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Craniomaxillofacial Deformity Correction via Sparse Representation in Coherent Space

  • Zuoyong Li
  • Le An
  • Jun Zhang
  • Li Wang
  • James J. Xia
  • Dinggang ShenEmail author
Conference paper
Part of the Lecture Notes in Computer Science book series (LNCS, volume 9352)

Abstract

Orthognathic surgery is popular for patients with craniomaxillofacial (CMF) deformity. For orthognathic surgical planning, it is critical to have a patient-specific jaw reference model as guidance. One way is to estimate a normal jaw shape for the patient, by first searching for a normal subject with similar midface and then borrowing his/her (normal) jaw shape as reference. Intuitively, we can search for multiple normal subjects with similar midface and then linearly combine them as final reference. The respective coefficients for linear combination can be estimated, i.e., by sparse representation of patient’s midface by midfaces of all training normal subjects. However, this approach implicitly assumes that the representation of midface shapes is strongly correlated with the representation of jaw shapes, which is unfortunately difficult to meet in practice due to generally different data distributions of shapes of midfaces and jaws. To address this limitation, we propose to estimate the patient-specific jaw reference model in a coherent space. Specifically, we first employ canonical correlation analysis (CCA) to map the midface and jaw landmarks of training normal subjects into a coherent space, in which their correlation is maximized. Then, in the coherent space, the mapped midface landmarks of patient can be sparsely represented by the mapped midface landmarks of training normal subjects. Those learned sparse coefficients can now be used to combine the jaw landmarks of training normal subjects for estimating the normal jaw landmarks for patient and then building normal jaw shape reference model. Moreover, we also iteratively maximize the correlation between the midface and the jaw shapes in the new coherent space with a multi-layer mapping and refinement (MMR) process. Experimental results on real clinical data show that the proposed method can more accurately reconstruct the normal jaw shape for patient than the competing methods.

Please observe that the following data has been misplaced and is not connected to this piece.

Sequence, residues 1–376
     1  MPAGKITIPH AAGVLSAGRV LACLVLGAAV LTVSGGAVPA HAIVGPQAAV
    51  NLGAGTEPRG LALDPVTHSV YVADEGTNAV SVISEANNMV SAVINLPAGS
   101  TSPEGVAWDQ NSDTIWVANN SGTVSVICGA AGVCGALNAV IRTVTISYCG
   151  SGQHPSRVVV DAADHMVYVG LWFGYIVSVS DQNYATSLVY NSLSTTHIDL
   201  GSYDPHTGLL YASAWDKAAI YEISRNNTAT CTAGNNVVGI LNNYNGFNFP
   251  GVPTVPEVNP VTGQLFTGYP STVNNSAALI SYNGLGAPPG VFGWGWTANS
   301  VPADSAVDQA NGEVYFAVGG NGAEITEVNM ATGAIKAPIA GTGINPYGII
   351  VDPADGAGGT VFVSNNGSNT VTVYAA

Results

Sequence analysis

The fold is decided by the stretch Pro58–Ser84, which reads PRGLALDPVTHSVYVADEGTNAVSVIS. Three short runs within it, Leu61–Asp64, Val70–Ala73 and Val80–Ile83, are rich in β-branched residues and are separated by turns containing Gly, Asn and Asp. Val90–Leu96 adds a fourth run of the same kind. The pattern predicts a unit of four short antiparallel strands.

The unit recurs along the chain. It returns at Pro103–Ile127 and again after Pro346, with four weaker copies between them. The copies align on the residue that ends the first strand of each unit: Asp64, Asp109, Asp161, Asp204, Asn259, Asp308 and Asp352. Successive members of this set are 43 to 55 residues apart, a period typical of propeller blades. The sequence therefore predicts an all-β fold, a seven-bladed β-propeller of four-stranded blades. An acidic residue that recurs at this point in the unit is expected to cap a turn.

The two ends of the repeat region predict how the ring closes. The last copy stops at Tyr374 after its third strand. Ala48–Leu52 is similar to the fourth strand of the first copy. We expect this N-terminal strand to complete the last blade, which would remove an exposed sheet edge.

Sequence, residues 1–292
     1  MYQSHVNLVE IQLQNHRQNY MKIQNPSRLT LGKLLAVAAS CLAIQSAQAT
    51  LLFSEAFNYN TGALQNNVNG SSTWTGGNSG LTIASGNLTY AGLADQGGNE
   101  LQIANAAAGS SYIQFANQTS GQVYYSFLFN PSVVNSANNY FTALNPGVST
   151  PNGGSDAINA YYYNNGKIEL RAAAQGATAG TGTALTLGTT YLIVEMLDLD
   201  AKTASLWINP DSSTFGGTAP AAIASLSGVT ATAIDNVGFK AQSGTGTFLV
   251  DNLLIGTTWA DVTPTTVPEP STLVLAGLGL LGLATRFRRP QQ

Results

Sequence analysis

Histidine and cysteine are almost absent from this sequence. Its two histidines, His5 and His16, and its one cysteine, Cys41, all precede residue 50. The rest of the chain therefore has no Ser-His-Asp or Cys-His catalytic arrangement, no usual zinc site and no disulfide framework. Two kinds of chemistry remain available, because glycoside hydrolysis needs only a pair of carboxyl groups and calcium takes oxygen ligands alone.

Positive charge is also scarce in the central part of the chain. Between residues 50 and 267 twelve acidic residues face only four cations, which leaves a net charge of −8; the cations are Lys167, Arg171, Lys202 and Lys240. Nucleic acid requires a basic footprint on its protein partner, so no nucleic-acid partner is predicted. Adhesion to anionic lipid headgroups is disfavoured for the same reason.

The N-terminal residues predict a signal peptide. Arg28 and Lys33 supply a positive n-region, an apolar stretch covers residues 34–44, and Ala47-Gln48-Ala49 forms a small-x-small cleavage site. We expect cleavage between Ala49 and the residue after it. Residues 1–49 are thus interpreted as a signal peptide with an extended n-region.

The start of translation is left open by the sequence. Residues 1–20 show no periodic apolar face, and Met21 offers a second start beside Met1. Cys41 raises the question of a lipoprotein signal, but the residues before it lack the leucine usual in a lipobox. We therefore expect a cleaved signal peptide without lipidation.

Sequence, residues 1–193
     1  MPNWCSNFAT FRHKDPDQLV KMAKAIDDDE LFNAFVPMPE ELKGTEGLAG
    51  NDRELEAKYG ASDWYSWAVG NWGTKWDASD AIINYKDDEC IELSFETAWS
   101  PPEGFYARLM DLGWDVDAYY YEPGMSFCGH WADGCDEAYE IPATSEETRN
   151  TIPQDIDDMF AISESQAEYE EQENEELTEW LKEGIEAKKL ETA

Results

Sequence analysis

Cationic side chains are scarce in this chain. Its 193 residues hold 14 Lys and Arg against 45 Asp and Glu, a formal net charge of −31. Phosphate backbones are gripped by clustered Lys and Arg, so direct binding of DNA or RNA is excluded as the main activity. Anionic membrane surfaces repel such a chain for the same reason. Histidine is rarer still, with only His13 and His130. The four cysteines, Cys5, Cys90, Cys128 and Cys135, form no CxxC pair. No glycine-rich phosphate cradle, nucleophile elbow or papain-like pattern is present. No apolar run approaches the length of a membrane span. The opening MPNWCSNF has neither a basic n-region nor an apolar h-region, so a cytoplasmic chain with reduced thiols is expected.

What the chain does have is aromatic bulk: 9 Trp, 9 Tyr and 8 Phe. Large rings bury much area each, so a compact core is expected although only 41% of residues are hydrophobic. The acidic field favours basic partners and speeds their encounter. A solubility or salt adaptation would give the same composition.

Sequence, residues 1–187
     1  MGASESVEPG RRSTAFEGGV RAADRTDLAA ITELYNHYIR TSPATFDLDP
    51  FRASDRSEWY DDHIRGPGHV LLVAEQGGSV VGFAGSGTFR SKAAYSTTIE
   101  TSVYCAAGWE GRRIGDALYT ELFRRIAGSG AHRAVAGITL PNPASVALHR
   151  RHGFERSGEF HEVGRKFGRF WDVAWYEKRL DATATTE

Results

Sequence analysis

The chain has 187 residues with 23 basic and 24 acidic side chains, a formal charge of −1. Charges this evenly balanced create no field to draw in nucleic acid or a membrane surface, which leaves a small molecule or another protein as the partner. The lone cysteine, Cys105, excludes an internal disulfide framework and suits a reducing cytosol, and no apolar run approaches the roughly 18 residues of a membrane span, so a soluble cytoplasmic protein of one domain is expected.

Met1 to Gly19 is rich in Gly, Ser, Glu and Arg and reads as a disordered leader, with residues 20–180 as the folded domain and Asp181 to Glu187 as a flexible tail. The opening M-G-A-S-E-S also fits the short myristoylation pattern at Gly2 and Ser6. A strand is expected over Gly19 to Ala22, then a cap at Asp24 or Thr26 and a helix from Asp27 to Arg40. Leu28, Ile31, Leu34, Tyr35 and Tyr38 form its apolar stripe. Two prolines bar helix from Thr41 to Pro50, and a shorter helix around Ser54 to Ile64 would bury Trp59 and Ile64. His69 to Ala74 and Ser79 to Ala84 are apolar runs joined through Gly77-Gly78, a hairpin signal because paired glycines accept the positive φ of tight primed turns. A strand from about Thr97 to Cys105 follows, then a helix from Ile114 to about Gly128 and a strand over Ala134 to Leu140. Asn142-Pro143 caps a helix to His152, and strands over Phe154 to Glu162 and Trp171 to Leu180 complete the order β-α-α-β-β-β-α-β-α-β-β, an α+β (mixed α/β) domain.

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© Springer International Publishing Switzerland 2015

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Authors and Affiliations

  • Zuoyong Li
    • 1
    • 2
  • Le An
    • 2
  • Jun Zhang
    • 2
  • Li Wang
    • 2
  • James J. Xia
    • 3
    • 4
  • Dinggang Shen
    • 2
    Email author
  1. 1.Department of Computer ScienceMinjiang UniversityFuzhouChina
  2. 2.Department of Radiology and BRICUniversity of North Carolina at Chapel HillChapel HillUSA
  3. 3.Department of Oral and Maxillofacial SurgeryHouston Methodist Research Institute, Weill Medical College of Cornell UniversityNew YorkUSA
  4. 4.Department of Oral and Craniomaxillofacial Science, Shanghai Ninth Hospital,Shanghai Jiao Tong University, School of MedicineShanghaiChina

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